OAuth2 with external OpenID Providers using Membrane
In this tutorial we will see how to communicate with any OAuth2 / OpenID Connect compatible authorization server using Membrane Service Proxy to authorize HTTP requests based on the RFC 6749 OAuth 2.0 Authorization Framework, OpenID Connect Core and OpenID Connect Discovery .
This tutorial takes less than 10 minutes to complete. An account with an OpenID provider, internet connection and Membrane Service Proxy 4.2 or higher is required.
Obtain client credentials
Go to your OpenID providers web page and create a client/app and note down the corresponding client id and client secret. How exaclty this is done depends on the individual OpenID provider and is out of the scope of this tutorial. See the first part of the Google or Github tutorial as an example for this step.
Configure the Membrane client
Note: For this tutorial the Membrane client is preconfigured for the OpenID provider Google but this will work with any OpenID provider.
Download the Membrane Service Proxy distribution 4.2 or higher and extract it anywhere. Go to the $MEMBRANE_HOME/examples/oauth2/openid folder in the Membrane Service Proxy distribution. Open the proxies.xml for editing and find the clientId and clientSecret attributes in the membrane child element of the oauth2Resource element.
Fill in the client id and client secret. Save and exit the file.
Start the Membrane client
Start Membrane by double clicking service-proxy.bat/.sh.
Membrane will start up. As configured, Membrane now listens on port 8080 for incoming HTTP connections. Keep it running in the background. We will now connect to it using a browser.
Perform a sample OAuth2 / OpenID Connect request authorization
Open a browser and go to http://localhost:8080/.
If you aren't already logged in to the OpenID provider you will be prompted to log in using your credentials. A consent page with relevant information about the shared details will be shown afterwards that you need to accept. Both, login and consent page, depent on the OpenID provider.
When logged in you are taken to a protected resource. In this tutorial we used an publicly available web page. You would usually take a resource that is protected by a firewall so no one can access it directly.
Congratulations, you have successfully completed an OAuth2 / OpenID Connect authorization setup.
Go to the $MEMBRANE_HOME/examples/oauth2/openid folder in the Membrane Service Proxy distribution. Open the proxies.xml.
<spring:beans xmlns="http://membrane-soa.org/proxies/1/" xmlns:spring="http://www.springframework.org/schema/beans" xmlns:xsi="http://www.w3.org/2001/XMLSchema-instance" xsi:schemaLocation="http://www.springframework.org/schema/beans http://www.springframework.org/schema/beans/spring-beans-4.2.xsd http://membrane-soa.org/proxies/1/ http://membrane-soa.org/schemas/proxies-1.xsd"> <router> <serviceProxy name="Membrane Resource service" port="8080"> <oauth2Resource> <membrane subject="sub" src="https://accounts.google.com" clientId="YOUR CLIENT ID HERE" clientSecret="YOUR CLIENT SECRET HERE" scope="openid email profile" claims="name" claimsIdt="email" /> </oauth2Resource> <!-- This is optional. You can use the information from the authentication server and pass it to the resource server or do anything you want. --> <groovy> def oauth2 = exc.properties['oauth2'] <!-- Put the eMail of the user into the request header X-EMAIL and pass it to the protected server. --> exc.request.getHeader().setValue('X-EMAIL',oauth2.userinfo.email) CONTINUE </groovy> <target host="thomas-bayer.com" port="80"/> </serviceProxy> <serviceProxy port="9001"> <adminConsole/> </serviceProxy> </router> </spring:beans>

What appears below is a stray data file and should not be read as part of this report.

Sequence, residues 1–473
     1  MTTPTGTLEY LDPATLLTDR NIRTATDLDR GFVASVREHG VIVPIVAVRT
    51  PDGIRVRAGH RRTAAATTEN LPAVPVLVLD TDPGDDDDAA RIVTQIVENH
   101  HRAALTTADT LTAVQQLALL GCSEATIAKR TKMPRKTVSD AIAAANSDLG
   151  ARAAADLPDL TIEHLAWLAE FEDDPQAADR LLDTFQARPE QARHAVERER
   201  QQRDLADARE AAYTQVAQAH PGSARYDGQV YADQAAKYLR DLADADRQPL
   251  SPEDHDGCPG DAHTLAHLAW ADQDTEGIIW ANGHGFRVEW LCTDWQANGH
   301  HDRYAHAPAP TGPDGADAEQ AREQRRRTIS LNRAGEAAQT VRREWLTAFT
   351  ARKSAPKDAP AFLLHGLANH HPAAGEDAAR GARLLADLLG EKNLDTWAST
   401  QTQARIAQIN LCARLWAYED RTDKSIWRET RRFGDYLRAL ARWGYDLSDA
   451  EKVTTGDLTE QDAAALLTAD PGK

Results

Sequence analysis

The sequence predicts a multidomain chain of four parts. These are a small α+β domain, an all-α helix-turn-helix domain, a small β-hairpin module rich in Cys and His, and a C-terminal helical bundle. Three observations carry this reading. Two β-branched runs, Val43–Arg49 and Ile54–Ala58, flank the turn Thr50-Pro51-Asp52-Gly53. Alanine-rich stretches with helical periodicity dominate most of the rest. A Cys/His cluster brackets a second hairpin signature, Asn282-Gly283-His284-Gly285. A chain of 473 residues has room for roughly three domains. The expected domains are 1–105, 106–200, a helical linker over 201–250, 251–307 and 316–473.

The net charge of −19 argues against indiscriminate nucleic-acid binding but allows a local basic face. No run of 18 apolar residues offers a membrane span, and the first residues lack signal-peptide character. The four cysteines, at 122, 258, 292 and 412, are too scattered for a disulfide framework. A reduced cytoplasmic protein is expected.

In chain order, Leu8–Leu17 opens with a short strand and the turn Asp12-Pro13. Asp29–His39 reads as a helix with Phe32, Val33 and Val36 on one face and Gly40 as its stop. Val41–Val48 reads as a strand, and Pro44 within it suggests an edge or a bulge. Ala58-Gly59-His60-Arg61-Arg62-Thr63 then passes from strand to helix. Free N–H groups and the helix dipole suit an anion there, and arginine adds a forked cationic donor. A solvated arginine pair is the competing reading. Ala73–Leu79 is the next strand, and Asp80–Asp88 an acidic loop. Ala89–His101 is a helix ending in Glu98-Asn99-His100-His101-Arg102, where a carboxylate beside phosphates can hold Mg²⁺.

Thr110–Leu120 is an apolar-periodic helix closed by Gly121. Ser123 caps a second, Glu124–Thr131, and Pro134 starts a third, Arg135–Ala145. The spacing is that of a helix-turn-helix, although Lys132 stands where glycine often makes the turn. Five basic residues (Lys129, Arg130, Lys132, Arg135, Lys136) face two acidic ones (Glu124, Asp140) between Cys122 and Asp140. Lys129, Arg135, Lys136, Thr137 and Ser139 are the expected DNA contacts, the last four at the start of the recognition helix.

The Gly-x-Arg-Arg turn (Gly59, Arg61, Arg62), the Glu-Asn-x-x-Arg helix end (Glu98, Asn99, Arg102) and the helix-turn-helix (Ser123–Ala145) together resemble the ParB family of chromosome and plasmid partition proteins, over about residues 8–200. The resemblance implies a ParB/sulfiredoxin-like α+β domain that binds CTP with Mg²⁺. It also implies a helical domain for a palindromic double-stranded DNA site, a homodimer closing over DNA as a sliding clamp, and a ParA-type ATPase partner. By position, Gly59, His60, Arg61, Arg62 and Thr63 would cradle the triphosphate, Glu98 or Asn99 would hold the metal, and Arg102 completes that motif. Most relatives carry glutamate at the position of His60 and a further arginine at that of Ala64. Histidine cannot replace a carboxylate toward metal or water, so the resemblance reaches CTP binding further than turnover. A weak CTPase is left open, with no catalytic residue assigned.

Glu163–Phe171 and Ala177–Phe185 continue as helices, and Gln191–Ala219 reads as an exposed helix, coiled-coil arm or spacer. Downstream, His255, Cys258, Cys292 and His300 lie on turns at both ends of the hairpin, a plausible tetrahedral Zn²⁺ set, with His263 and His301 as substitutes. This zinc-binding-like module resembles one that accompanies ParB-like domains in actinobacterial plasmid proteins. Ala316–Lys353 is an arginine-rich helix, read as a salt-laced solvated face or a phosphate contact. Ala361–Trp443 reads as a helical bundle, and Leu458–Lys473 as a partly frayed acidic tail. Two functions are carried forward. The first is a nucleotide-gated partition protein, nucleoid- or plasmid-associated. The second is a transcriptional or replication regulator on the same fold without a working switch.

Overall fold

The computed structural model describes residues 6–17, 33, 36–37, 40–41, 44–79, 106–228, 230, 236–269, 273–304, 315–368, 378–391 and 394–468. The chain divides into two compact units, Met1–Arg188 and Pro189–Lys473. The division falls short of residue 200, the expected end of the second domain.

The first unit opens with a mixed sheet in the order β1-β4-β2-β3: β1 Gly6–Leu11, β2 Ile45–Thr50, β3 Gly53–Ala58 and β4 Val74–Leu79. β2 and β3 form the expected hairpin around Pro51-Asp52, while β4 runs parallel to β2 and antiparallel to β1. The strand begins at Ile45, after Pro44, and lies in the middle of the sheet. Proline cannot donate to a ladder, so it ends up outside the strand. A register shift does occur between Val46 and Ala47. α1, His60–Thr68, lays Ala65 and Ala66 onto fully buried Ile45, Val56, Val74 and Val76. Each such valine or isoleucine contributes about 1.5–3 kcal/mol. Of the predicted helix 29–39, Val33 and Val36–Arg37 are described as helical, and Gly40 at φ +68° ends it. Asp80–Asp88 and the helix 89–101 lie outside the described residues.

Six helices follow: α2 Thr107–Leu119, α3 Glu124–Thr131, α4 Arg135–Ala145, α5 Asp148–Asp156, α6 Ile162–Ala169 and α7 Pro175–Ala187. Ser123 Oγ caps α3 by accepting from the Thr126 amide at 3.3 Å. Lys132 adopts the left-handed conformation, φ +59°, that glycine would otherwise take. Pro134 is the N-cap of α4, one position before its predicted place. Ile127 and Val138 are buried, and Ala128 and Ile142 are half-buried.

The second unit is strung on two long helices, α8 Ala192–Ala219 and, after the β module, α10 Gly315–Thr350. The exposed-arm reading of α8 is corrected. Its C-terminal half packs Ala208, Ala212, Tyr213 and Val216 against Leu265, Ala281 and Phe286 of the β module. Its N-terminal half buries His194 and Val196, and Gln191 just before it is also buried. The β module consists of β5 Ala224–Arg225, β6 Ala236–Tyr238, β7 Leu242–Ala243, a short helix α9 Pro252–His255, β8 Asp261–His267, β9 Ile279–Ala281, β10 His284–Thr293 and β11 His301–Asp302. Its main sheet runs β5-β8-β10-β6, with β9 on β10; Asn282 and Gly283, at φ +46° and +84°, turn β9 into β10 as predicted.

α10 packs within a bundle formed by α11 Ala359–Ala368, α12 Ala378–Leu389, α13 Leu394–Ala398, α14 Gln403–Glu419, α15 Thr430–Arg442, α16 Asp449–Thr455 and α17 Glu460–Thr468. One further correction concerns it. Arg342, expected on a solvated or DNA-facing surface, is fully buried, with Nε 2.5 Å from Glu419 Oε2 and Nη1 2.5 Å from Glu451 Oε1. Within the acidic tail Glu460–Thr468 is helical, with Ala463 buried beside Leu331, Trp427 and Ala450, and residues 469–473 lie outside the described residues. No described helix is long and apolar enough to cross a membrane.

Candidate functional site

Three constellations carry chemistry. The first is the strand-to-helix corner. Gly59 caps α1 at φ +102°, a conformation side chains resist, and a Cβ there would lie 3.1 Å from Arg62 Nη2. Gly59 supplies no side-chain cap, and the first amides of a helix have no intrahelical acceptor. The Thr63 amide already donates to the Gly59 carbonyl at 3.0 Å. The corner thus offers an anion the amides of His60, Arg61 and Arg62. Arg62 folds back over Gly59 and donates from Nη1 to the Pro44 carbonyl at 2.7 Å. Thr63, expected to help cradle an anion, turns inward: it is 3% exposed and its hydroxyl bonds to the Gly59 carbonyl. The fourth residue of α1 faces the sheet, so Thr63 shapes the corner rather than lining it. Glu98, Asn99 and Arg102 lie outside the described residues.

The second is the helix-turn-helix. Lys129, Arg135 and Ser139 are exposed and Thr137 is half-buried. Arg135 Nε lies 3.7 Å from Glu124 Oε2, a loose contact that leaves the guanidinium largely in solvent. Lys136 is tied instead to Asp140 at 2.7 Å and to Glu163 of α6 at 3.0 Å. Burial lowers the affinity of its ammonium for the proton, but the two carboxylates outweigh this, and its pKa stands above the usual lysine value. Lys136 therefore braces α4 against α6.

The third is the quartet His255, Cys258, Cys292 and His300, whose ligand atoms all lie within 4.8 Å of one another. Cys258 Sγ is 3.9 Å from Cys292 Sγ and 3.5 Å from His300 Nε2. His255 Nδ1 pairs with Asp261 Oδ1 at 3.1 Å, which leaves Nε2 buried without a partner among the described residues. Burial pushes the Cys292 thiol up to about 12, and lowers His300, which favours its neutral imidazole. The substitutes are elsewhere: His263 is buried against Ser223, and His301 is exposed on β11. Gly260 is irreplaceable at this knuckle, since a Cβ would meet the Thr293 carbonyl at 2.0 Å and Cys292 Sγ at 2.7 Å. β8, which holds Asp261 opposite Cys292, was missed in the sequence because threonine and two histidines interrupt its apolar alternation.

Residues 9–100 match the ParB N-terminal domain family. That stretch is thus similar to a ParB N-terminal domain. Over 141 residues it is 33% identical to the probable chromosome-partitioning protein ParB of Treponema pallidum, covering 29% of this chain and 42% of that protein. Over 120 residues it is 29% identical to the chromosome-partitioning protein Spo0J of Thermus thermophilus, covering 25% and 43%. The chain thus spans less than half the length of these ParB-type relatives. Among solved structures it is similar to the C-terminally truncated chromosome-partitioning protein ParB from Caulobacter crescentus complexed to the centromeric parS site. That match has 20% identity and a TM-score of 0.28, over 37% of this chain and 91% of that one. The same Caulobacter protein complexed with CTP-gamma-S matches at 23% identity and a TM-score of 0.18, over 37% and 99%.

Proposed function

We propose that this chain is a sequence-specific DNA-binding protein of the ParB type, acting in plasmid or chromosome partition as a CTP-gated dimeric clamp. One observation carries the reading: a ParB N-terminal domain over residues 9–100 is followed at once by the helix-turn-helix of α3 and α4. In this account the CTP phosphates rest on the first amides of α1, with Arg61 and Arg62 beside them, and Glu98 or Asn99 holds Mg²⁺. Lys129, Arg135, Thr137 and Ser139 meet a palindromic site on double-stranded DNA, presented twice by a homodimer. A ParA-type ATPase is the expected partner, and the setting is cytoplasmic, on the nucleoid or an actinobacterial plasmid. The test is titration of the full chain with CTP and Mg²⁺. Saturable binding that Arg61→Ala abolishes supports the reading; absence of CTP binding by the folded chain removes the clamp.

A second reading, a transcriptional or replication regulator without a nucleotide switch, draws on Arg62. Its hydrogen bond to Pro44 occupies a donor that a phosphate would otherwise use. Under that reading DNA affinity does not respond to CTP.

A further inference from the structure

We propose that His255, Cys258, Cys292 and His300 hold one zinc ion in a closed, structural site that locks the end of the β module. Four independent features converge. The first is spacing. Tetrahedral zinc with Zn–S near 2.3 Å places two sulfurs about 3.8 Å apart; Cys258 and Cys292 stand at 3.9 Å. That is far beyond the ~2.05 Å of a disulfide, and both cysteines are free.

You can see a service proxy listening on port 8080. It has the oauth2Resource, groovy and target child elements.
The oauth2Resource element is the core of the Membrane client. It has only one child element, the membrane element.
The membrane element has several attributes that are needed for the OAuth2 / OpenID Connect flow. Those are:
|subject||the name of the subject claim - ususally "sub"|
|src||the url to the OpenID Provider|
|clientId||the client id|
|clientSecret||the client secret|
|scope||the OAuth2 scopes that are requested, separated by spaces|
|claims||additional individual claims, separated by spaces|
|claimsIdt||additional individual claims that are put into the id token, separated by spaces|
The groovy element is optional. It shows how one could further process the OAuth2 / OpenID Connect results. The results of the whole OAuth2 / OpenID Connect flow are available as a property on the exchange. This property is called oauth2.
Here the groovy element defines a procedure to take the email address of the authorized user and put it as an X-EMAIL header into the exchange.
The target element defines the resource the user is taken to when the authorization succeeds.